Consumables:  Gum arabic

What is gum arabic?

Gum arabic; Acacia trees

Gum arabic is the sap which comes out of Acacia trees. It is used in food, soft drinks, medicines and cosmetics. The Acacia trees are found in abundance in Sudan and South Sudan. (Photograph: Mohamed Nureldin Abdallah/Reuters, via The Guardian)

Gum arabic is a gum made from the hardened sap of two species of the acacia tree. The tree grows across the Sahel region of Africa which stretches from Senegal to Sudan. 80% of the world’s gum arabic is sourced from a single country; Sudan. Gum arabic has been an important crop for peasants in arid and semi arid regions for thousands of years and is an important source of income in many areas where other profit generating activities are unavailable. It is estimated that 5 million Sudanese farmers depend on gum arabic for their livelihoods. Indeed as of July 2013 the Gum Arabic Council based in Khartoum, Sudan, reported that exports of the substance have reached 50,000 tons per year, alongside a 10% increase in local consumption.

Where do I use gum arabic?

The substance is mainly known for its use as a food additive, in products like Coca Cola, but it also has a multitude of uses including pharmaceuticals, cosmetics and ink.

What is the impact of gum arabic production?

Sudan’s monopoly on the production of gum arabic has given it an unprecedented degree of leverage in international politics. An example of this was when in 1997 the US Congress was looking to impose sanctions on the Sudanese government for supporting terrorism (and for giving refuge to Osama bin Laden), the beverage industry successfully campaigned to limit the sanctions and exclude trade in gum arabic from the list of embargoed items. As a result, Sudan was largely spared the real impact of the sanctions.

Gum arabic production has become even more important to the Sudanese economy due to the loss of oil resources to South Sudan.

Gum Arabic In May 2013 Sudan’s Gimir and Bani Halba tribes launched a gun attack in the Katila region, with the aim of seizing acacia tree sites and control over the gum arabic industry, resulting in 64 deaths on both sides. There is increasing fear from environmental groups and political experts that Gum Arabic is becoming the new conflict resource, with many concerned that it could fuel corruption and violence on a similar scale to the blood diamond conflicts in 1990s Sierra Leone.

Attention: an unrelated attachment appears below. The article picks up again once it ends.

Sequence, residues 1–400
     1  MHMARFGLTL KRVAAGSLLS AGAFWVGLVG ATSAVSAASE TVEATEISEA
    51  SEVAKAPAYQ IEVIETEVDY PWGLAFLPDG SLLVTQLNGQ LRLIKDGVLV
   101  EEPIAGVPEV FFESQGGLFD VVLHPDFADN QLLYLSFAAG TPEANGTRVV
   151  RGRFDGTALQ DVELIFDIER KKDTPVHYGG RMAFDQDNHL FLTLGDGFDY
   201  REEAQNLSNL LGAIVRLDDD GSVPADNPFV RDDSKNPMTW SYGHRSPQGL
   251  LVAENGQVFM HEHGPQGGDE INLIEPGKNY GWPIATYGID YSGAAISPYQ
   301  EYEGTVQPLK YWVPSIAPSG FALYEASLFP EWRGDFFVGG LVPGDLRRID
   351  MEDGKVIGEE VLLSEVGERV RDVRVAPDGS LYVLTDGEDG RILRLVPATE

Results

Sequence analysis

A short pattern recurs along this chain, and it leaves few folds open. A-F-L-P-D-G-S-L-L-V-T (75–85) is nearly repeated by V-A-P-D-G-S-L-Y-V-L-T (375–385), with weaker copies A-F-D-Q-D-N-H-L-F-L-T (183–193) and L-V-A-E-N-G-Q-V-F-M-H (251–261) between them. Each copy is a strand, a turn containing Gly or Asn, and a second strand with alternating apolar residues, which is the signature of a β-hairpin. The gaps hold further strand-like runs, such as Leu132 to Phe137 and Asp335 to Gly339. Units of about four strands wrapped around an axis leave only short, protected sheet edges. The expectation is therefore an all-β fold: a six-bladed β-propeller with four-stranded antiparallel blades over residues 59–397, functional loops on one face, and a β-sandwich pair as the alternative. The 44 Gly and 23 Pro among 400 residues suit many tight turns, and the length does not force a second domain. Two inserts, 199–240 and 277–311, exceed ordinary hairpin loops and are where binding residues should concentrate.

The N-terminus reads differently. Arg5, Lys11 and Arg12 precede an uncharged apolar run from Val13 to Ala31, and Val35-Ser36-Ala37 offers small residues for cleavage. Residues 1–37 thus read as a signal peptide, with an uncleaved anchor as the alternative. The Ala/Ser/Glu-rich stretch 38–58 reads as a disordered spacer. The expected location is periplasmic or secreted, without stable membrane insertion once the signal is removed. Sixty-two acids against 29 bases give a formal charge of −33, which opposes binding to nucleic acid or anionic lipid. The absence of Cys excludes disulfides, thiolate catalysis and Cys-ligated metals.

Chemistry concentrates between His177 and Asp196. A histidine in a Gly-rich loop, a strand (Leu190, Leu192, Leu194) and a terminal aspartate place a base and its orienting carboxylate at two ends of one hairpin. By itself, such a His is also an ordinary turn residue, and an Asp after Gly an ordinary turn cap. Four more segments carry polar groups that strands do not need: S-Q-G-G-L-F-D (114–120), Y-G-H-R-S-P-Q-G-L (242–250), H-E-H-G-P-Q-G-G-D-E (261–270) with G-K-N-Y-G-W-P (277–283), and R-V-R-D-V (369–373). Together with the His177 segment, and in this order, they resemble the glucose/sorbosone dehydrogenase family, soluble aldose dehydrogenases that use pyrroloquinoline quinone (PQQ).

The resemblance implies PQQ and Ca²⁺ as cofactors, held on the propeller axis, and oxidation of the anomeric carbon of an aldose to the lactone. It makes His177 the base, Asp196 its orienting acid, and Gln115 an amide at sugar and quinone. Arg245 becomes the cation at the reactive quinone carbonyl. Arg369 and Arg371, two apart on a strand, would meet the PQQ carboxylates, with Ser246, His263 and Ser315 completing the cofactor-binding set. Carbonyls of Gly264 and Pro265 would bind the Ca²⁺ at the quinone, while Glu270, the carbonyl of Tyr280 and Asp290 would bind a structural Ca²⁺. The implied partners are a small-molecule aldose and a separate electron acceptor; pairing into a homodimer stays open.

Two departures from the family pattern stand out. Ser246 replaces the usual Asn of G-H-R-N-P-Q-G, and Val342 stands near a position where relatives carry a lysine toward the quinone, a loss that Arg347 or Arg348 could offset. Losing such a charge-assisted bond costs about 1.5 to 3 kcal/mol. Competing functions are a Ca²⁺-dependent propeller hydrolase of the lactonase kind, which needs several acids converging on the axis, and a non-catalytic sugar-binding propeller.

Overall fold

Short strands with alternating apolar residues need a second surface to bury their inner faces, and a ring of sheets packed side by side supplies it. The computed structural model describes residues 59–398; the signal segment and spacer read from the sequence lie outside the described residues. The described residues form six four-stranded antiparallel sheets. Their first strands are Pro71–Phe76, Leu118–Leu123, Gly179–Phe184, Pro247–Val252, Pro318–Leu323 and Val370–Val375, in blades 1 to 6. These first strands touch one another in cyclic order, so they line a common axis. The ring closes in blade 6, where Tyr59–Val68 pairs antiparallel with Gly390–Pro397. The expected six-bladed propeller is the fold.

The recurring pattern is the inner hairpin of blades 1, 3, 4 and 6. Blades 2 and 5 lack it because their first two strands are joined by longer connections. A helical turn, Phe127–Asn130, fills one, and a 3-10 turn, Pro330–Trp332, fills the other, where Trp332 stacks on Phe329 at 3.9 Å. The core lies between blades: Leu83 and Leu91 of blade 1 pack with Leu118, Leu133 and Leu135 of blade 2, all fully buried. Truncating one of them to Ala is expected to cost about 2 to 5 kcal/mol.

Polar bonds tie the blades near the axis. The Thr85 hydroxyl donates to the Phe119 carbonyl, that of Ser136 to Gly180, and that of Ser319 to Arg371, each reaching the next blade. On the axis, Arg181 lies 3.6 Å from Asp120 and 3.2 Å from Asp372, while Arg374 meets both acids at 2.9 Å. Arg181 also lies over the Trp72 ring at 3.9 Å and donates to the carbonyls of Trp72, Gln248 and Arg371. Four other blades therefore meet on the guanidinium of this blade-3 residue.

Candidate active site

In terms of the environment the production of gum arabic has a positive impact, as it has to some extent protected the acacia trees which produce it. There are fears that any loss of Sudan’s gum arabic trade could have adverse affects on its environment.

Currently only around 5% of the land in Sudan is arable, and everyday more and more forest land is being cleared to meet expanding mechanized farming needs as well as increasing needs for fuel wood. If the tree were to lose its value as an export, it too might suffer the same fate as other forests throughout Sudan.

However, a continuing gum arabic trade in Sudan could also have adverse environmental impacts. Already the lucrative gum arabic trade has moved growers toward cultivating a particular type of gum arabic that is widely considered to be the best quality. Are there ecological implications to the removal of other species of the acacia tree and replacing them all with a single species? Will having only a single species of tree in a region adversely affect the soil composition and perhaps alter the soil’s ability to support the desired species?

Resolution:Possible?

There has been a renewed focus on ensuring small scale producers are reaping the benefits of gum arabic production. Organisations such as the Sudan Multi-Donor Trust Fund (MDTF) have established schemes to increase the incomes of gum arabic producers through more efficient production and marketing. The four pilot schemes rolled out from 2010-2011 succeeded in raising annual incomes by 65%. Crucially there has also been a growth in the number of local Gum Arabic Producers Associations (GAPAs) whose membership is open to all local gum arabic producers. The provision of grants to successful GAPAs has allowed several communities in Sudan to purchase tractors, small stores and water reservoirs. However an article by Edward Barbier suggests that while returns from gum arabic production may appear favourable it is a crop that remains disproportionately affected by global demand and real producer price.